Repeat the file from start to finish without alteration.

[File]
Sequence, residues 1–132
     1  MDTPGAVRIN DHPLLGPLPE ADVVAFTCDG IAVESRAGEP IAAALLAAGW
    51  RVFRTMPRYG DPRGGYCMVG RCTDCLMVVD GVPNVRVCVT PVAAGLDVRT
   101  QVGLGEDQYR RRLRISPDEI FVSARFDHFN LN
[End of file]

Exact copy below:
Sequence, residues 1–132
     1  MDTPGAVRIN DHPLLGPLPE ADVVAFTCDG IAVESRAGEP IAAALLAAGW
    51  RVFRTMPRYG DPRGGYCMVG RCTDCLMVVD GVPNVRVCVT PVAAGLDVRT
   101  QVGLGEDQYR RRLRISPDEI FVSARFDHFN LN